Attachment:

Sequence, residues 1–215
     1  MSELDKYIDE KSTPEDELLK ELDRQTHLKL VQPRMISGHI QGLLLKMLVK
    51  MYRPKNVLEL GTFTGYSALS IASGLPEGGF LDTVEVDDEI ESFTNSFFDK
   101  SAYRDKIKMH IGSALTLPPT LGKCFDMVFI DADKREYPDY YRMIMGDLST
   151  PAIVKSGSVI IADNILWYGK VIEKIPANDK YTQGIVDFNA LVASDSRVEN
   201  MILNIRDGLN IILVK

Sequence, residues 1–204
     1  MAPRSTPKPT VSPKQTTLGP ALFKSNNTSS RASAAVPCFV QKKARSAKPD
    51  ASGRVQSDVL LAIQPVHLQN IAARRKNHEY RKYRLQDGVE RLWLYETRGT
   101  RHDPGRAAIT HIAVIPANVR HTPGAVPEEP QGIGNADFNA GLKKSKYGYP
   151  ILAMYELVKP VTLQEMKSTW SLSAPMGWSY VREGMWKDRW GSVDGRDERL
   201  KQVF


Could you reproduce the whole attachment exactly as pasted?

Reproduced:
Sequence, residues 1–215
     1  MSELDKYIDE KSTPEDELLK ELDRQTHLKL VQPRMISGHI QGLLLKMLVK
    51  MYRPKNVLEL GTFTGYSALS IASGLPEGGF LDTVEVDDEI ESFTNSFFDK
   101  SAYRDKIKMH IGSALTLPPT LGKCFDMVFI DADKREYPDY YRMIMGDLST
   151  PAIVKSGSVI IADNILWYGK VIEKIPANDK YTQGIVDFNA LVASDSRVEN
   201  MILNIRDGLN IILVK

Sequence, residues 1–204
     1  MAPRSTPKPT VSPKQTTLGP ALFKSNNTSS RASAAVPCFV QKKARSAKPD
    51  ASGRVQSDVL LAIQPVHLQN IAARRKNHEY RKYRLQDGVE RLWLYETRGT
   101  RHDPGRAAIT HIAVIPANVR HTPGAVPEEP QGIGNADFNA GLKKSKYGYP
   151  ILAMYELVKP VTLQEMKSTW SLSAPMGWSY VREGMWKDRW GSVDGRDERL
   201  KQVF